One month after the last update to the live versions of the app, Microsoft has boosted Microsoft Authenticator on a beta level, bringing the version numbers to 5.0.0 on iOS and 6.0.2 on Android. The latest beta update features a sign-in option that allows its users to directly access their Microsoft accounts using their phones.
Microsoft Authenticator’s new beta update gives users the option to log-in, choose the option ‘use an app instead’ and enable the new feature by providing their password, PIN or fingertip setup on their phone. After successful validation users can choose ‘enable phone sign-in’ from a dropdown menu and connect their Microsoft account to their mobile device.
Microsoft Authenticator users that add a new Microsoft account will have the feature enabled automatically.
What is Microsoft Authenticator?
Some users may already be using the old Microsoft’s Azure Authenticator app and will be somewhat familiar with the product. Upon signing into your Azure or Microsoft account, you’ll have the option to verify the login with a different device.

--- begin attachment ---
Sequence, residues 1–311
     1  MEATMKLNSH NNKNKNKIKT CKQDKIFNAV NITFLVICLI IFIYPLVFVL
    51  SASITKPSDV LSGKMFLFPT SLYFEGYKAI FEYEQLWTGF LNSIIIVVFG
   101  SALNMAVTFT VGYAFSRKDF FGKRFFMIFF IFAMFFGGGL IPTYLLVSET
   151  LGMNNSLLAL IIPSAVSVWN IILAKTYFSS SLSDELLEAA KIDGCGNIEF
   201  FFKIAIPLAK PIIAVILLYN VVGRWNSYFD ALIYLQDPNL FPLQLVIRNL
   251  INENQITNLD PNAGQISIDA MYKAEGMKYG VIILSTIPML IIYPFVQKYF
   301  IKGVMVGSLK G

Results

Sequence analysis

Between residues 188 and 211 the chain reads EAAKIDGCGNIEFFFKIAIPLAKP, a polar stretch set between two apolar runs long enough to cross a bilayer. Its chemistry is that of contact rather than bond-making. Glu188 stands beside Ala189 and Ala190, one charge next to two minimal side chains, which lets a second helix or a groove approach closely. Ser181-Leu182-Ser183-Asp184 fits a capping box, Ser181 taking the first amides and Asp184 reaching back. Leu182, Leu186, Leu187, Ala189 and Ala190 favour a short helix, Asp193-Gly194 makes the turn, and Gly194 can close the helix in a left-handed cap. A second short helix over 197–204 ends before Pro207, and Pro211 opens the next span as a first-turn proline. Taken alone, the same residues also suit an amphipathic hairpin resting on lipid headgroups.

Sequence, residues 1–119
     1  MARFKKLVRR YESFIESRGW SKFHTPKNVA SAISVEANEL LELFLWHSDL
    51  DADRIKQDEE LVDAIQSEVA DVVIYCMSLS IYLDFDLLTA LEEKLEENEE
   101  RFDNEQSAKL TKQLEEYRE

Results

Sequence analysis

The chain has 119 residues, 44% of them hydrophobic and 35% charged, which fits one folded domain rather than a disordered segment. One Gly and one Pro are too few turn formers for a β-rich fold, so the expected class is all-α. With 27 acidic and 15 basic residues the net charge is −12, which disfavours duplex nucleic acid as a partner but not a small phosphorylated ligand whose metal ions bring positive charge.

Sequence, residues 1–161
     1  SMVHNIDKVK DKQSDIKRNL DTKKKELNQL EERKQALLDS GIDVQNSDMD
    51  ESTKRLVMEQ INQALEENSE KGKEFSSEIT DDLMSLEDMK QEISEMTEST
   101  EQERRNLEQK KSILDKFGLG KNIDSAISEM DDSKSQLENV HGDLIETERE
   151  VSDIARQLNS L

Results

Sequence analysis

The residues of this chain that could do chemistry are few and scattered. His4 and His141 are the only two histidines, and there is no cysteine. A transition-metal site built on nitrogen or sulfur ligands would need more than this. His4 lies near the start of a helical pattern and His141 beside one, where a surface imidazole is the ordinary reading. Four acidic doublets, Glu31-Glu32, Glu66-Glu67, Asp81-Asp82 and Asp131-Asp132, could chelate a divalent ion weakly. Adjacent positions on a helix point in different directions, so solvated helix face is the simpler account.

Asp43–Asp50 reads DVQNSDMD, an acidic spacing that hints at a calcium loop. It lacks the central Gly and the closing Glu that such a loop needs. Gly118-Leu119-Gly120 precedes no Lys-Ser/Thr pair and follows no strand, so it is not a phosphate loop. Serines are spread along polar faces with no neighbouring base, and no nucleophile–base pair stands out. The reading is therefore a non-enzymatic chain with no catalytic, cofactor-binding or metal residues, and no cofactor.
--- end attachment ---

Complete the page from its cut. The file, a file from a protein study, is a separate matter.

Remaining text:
Most services do this by asking for a code that’s displayed on your phone. This is the method that Microsoft previously used, but there is a significant change in this version.
Rather than that arduous process, you can now verify with a single tap. Here’s a quick rundown of the major new features:
- “User experience refresh. We’ve made the app experience incredibly simple while maintaining the highest level of security.Best in breed MFA experience through one-click push notifications. You only need to click the “approve” button in the notification to complete your login. (And in most cases, you won’t even need to open the app to complete the approval.)
- Support for wearables. You can use an Apple Watch or Samsung Gear device to approve MFA challenges.
- Finger prints instead of passcodes. We’ve added support finger print based approvals on both iPhone and Android.
- Certificate based authentication. Support for enterprise customers to sign in through certificates instead of passwords.”